A few select four bars from Lillard’s latest offering…
Last of a dying breed and they’re taking me for granted
I represent the ones working for it, nothing handed
The world is all backwards. How we lazy and demanding?
We ain’t working towards dreams we’re just working towards mansions
I see my people struggle when they still don’t ask for nothing
We always gonna keep it solid, I know when the times are toughest
I know when they gonna be fine and i know when to give them something
Don’t ever try to finesse me, I know when a sucker bluffing
Good stuff. “Shook Ones” is just the latest of Lillard’s growing number of tracks, which include Soldier In The Game, Full Stomach, Why?, Free Bands, The Villains and last week’s Isley. All of these tracks and more can be found on Lillard’s Soundcloud page.
In between playing a few rounds of golf and enjoying some of Oregon’s finest beverages (I’m assuming), Trail Blazers head coach Terry Stotts joined Chris Mannix on “The Vertical” podcast to discuss his past as a player and coach and Portland’s unexpected 2015-16 season…
Adrian Wojnarowski, NBA oracle and head of “The Vertical,” leads off the podcast, with Stotts’ segment with Mannix starting just before the 42 minute mark. Whoever put the post together was kind enough to break down the topics in case you don’t have time to listen to the whole thing, and I’ve transcribed a few segments for your reading pleasure…
Stotts on CJ McCollum’s season, which culminated with the third-year guard being named the NBA’s Most Improved Player…
“I knew he was going to have a good year and I knew he would probably be in the conversation for Most Improved. Now, I wouldn’t have said how many points he was going to average or anything else, but I knew that the opportunity was going to be there and he was going to take full advantage of it because he’s extremely skilled, he can put the ball in the basket and. There were some question marks — one was his health — because he had had injuries each of the three previous seasons, we made him our backup point guard, that was something that he hadn’t done at this level. So there were certainly question marks in certain areas, but the fact that he could score and do what he can do well, I don’t think that surprised anybody within our organization.”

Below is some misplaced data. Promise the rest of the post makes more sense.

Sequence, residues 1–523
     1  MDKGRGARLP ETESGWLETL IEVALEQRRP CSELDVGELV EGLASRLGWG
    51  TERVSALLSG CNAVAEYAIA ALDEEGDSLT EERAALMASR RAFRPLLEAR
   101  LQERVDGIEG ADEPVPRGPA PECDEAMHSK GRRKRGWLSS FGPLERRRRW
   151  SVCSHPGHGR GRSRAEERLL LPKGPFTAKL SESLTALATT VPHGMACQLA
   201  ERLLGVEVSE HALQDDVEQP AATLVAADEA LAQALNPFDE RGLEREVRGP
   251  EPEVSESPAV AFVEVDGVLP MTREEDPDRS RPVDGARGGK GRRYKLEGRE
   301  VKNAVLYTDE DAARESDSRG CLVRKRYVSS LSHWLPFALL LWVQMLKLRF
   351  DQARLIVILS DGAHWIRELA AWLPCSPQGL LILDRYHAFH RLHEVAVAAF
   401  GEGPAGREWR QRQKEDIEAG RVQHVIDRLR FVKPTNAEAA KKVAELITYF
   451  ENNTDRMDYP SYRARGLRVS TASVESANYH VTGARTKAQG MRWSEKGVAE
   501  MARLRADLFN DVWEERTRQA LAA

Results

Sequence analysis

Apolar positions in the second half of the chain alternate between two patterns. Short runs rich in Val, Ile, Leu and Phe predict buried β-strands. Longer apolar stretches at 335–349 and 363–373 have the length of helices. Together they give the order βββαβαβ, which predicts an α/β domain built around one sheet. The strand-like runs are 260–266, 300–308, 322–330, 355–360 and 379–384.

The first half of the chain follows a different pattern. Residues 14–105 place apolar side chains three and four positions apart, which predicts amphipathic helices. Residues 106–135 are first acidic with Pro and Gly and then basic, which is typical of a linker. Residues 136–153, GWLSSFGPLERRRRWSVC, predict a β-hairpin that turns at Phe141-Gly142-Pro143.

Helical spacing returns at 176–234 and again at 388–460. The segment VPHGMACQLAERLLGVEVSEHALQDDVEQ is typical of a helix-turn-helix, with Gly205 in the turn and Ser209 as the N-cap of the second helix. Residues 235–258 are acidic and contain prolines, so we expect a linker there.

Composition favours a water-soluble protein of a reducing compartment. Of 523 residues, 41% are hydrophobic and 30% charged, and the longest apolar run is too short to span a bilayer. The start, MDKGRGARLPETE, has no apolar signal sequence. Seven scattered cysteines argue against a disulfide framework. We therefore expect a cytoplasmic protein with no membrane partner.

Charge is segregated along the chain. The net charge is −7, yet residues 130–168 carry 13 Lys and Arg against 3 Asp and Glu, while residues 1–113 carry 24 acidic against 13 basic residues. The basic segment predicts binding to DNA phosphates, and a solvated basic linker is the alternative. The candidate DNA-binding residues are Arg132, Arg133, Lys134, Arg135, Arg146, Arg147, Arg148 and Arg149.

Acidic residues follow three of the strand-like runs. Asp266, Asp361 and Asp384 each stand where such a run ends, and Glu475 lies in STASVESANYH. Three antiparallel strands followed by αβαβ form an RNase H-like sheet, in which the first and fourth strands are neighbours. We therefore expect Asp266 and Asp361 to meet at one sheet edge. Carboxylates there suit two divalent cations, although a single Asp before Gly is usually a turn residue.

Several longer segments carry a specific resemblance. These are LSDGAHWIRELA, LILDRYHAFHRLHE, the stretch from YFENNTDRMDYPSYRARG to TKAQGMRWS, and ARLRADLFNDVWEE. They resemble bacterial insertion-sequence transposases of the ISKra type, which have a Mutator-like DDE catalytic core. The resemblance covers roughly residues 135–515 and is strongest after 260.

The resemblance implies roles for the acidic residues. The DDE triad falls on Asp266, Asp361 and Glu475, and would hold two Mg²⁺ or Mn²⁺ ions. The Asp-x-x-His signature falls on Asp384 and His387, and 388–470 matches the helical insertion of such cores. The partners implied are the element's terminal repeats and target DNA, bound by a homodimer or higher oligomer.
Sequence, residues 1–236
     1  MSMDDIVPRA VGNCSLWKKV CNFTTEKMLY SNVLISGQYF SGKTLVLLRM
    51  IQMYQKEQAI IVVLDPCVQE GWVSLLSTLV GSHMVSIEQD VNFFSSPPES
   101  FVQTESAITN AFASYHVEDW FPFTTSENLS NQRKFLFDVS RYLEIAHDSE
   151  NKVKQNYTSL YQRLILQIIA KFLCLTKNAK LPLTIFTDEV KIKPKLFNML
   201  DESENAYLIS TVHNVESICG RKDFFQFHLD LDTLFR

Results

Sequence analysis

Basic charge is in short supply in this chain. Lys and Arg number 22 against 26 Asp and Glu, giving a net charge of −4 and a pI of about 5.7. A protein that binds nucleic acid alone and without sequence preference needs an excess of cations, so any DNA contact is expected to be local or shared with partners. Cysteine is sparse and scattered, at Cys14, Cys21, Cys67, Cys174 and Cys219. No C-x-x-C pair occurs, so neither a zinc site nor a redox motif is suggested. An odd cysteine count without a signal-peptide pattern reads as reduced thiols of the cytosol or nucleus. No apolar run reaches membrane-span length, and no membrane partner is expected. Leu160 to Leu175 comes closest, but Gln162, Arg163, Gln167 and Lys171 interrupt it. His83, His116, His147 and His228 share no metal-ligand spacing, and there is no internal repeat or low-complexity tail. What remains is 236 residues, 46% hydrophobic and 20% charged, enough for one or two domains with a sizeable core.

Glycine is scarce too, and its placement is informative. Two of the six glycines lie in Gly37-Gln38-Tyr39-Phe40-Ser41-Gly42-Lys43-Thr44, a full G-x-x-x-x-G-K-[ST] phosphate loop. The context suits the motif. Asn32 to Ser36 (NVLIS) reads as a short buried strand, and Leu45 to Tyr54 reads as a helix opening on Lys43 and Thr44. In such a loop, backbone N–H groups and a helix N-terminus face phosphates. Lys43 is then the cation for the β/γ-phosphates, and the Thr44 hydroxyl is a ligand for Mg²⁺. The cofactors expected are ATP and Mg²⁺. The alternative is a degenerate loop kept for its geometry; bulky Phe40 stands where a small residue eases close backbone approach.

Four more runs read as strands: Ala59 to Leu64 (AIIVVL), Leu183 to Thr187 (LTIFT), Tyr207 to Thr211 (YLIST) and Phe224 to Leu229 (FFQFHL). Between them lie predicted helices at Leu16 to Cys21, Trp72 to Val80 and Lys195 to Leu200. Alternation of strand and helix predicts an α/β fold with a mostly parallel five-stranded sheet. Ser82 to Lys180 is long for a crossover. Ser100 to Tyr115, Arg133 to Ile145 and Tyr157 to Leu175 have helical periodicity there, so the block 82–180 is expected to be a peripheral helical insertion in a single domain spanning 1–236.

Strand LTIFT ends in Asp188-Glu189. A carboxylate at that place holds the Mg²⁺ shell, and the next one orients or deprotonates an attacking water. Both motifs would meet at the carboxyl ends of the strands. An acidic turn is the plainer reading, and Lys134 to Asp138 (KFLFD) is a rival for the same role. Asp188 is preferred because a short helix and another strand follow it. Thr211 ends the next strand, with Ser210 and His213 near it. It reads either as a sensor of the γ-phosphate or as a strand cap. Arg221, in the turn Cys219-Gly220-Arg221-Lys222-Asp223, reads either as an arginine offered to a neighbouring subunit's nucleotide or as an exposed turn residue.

Stotts on Damian Lillard using slights from the media, perceived or otherwise, as motivation…
“I will say in this day and age, I think everybody knows what everybody is saying about everybody. If they don’t read it, a friend reads it or a friend retweets it or forwards the tweet. It’s really hard not to know what’s going on out there and people can try and say, ‘No, I don’t pay any attention to that’ but Damian is a very honest person and he’s true to himself. To say that he doesn’t know what is being said, it wouldn’t be truthful. I think a lot of players and a lot of people in general use that as motivation. I find it funny how people think that Damian is alone with that because you have goals and he wants to do well, he wants to prove what he can do. I think it’s more about what he’s capable of rather than what people are saying.”